High temperature cheese questions

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rgreenberg2000
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High temperature cheese questions

Post by rgreenberg2000 » Sun Nov 22, 2020 00:22

I've actually never made a sausage with cheese in it, but I'm doing a jalapeno/cheddar sausage today at the request of my daughter. As I was searching around for a good recipe as a base, I found that a lot of people swear by high temp cheese in sausage, even going so far as to say you can't use regular cheese. I've also seen people who say they have always used regular cheese with no issues. I don't really know much about high temp cheese, but I'm guessing that it doesn't melt as well at higher temps because it has quite a bit less moisture than regular cheese. Does anyone here know if that's right? If not, what is it that cheese makers do to "regular" cheese to make it "high temp" cheese??

I didn't have any high temp cheese on hand, so for today's batch, I just used some Tillamook sharp cheddar, which is relatively lower moisture.....I would have used extra sharp, which should have less moisture, but didn't have any of that either.

Would love to get any feedback y'all have on what exactly high temp cheese is, and if I need to be more cognizant of temps when I cook this sausage so I don't end up with cheese melting out and leaving voids. Also, I plan to eat a couple of these as fresh sausages tonight, but the rest will get poached so they can stay in the fridge for a bit. Anything I should be aware of when it comes to poaching sausage with cheese in it?

Thanks in advance!

Rich

PS: The test patty I fried up after mixing was really tasty! Will share details on this batch later.
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Butterbean
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Re: High temperature cheese questions

Post by Butterbean » Sun Nov 22, 2020 15:42

You can use either one but the high temp cheese, like you say, has less moisture in it because its dried longer and is much firmer and will hold its shape better when you cook it. Regular cheese just has a lower melting point. Some people say high temp cheese is to expensive but that's about the same as comparing the price of a cured ham to a fresh ham. With the fresh ham you are paying for water.
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rgreenberg2000
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Re: High temperature cheese questions

Post by rgreenberg2000 » Sun Nov 22, 2020 17:12

Butterbean wrote:
Sun Nov 22, 2020 15:42
You can use either one but the high temp cheese, like you say, has less moisture in it because its dried longer and is much firmer and will hold its shape better when you cook it. Regular cheese just has a lower melting point. Some people say high temp cheese is to expensive but that's about the same as comparing the price of a cured ham to a fresh ham. With the fresh ham you are paying for water.
Thanks! So it IS just cheese, but with less moisture. I was curious if there were any additives that were being used to make it less melty. I went ahead and ordered some just so I can compare to the sausages I made this weekend with "regular" cheese.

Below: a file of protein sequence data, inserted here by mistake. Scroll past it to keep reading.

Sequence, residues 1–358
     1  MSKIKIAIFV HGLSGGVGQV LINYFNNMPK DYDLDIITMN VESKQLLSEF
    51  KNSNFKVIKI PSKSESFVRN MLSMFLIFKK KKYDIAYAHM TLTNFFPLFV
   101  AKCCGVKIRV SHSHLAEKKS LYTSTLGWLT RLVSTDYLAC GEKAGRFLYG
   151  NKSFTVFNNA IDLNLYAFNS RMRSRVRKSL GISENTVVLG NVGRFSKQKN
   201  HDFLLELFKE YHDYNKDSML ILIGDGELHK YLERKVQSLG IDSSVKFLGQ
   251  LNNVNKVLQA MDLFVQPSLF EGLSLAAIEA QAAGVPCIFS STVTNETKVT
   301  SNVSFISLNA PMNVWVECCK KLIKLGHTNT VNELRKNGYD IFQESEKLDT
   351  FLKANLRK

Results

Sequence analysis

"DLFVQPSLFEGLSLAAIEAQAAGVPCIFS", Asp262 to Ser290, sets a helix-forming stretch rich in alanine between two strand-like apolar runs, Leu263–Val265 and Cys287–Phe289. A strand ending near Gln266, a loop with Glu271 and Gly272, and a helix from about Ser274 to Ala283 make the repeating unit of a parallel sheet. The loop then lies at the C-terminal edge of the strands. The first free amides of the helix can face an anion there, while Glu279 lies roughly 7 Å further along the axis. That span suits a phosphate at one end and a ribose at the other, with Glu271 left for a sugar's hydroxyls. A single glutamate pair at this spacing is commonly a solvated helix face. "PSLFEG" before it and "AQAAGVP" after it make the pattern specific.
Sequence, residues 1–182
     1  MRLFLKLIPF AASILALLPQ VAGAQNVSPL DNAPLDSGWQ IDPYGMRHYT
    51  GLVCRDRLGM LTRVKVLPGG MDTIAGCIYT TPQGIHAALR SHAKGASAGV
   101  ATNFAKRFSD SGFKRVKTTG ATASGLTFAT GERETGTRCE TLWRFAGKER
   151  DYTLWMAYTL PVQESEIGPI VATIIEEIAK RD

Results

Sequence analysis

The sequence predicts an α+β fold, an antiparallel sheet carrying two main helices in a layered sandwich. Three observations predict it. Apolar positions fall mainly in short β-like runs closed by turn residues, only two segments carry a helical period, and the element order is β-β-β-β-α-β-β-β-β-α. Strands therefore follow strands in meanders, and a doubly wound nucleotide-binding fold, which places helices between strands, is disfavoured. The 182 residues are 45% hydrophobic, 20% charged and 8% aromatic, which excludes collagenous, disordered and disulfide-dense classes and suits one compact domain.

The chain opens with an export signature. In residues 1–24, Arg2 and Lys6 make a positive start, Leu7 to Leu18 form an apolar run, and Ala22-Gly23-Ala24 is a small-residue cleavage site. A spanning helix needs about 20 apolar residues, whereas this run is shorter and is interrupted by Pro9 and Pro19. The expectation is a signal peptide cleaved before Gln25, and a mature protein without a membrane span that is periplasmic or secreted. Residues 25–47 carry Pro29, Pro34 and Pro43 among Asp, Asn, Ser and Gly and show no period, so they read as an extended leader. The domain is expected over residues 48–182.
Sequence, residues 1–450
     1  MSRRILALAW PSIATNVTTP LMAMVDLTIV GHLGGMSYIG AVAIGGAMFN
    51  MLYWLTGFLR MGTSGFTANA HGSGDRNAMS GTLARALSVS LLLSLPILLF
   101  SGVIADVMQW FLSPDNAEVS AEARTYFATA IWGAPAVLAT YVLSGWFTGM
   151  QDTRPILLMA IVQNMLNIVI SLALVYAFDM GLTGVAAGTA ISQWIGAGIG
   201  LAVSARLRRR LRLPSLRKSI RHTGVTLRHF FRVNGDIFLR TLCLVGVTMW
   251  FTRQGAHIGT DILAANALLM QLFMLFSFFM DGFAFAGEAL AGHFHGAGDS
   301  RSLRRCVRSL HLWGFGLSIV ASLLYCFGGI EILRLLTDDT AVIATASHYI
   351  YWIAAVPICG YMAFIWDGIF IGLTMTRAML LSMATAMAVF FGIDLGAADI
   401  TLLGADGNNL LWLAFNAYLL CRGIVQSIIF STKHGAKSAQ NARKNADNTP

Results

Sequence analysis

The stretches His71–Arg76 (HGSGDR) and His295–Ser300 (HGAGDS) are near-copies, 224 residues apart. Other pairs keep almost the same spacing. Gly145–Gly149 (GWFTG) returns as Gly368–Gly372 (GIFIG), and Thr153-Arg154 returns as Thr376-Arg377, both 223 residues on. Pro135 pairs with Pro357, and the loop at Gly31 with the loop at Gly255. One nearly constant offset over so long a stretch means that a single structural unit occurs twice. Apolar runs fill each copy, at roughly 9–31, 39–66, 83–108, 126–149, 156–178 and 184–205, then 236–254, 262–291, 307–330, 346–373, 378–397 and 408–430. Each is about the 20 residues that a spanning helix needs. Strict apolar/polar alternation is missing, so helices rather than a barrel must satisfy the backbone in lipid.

I appreciate the edification! :)

R
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Butterbean
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Re: High temperature cheese questions

Post by Butterbean » Sun Nov 22, 2020 19:39

That is what I was told by my mentor when I was learning to make cheese. Its the same but dried longer till it gets hard or harder. I believe this is why some aged cheese is covered in wax to let it age without losing moisture weight. That's my take on it anyway.
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Re: High temperature cheese questions

Post by fatboyz » Mon Nov 23, 2020 04:16

I use both. I'm in Canada so Tilamook is hard to come by. I make a smoked Paprika, Jalapeno chili cheese smokie with Tilamook Jalapeno Jack in it when I can get some.
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Re: High temperature cheese questions

Post by jjnurk » Mon Nov 23, 2020 14:49

I make tons of j/c sausage and all I use is old cheese. Back in the day, a cheese dude mentioned to me that unless you're going for visuals eg, putting into stores, then use the high melt stuff, otherwise the old is pretty much the same and a lot less expensive. I cut mine in about 1/4" cubes, coat in flour so it doesnt stick and put that into the meat. IMO works really good.
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Re: High temperature cheese questions

Post by rgreenberg2000 » Mon Nov 23, 2020 16:26

jjnurk wrote:
Mon Nov 23, 2020 14:49
I make tons of j/c sausage and all I use is old cheese. Back in the day, a cheese dude mentioned to me that unless you're going for visuals eg, putting into stores, then use the high melt stuff, otherwise the old is pretty much the same and a lot less expensive. I cut mine in about 1/4" cubes, coat in flour so it doesnt stick and put that into the meat. IMO works really good.
Interesting, thanks for sharing that. I like the flour tip (I did have to work to keep my cubes separated), I will give that a try next time. I assume you keep that coating as light as you can, or have you found that it doesn't matter much.....any way you coat it would end up being a pretty small amount of flour in the batch.

Thanks,
R
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